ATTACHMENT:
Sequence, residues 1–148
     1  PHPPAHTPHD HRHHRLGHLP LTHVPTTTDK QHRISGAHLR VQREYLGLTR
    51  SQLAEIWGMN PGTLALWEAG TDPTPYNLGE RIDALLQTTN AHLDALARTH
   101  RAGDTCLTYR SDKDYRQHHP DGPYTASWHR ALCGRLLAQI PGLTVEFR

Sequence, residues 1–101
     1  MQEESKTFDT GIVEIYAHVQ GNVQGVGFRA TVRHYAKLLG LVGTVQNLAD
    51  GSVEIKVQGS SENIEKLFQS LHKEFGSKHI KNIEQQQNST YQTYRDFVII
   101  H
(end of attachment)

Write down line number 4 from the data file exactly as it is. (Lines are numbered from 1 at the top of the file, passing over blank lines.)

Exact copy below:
   101  RAGDTCLTYR SDKDYRQHHP DGPYTASWHR ALCGRLLAQI PGLTVEFR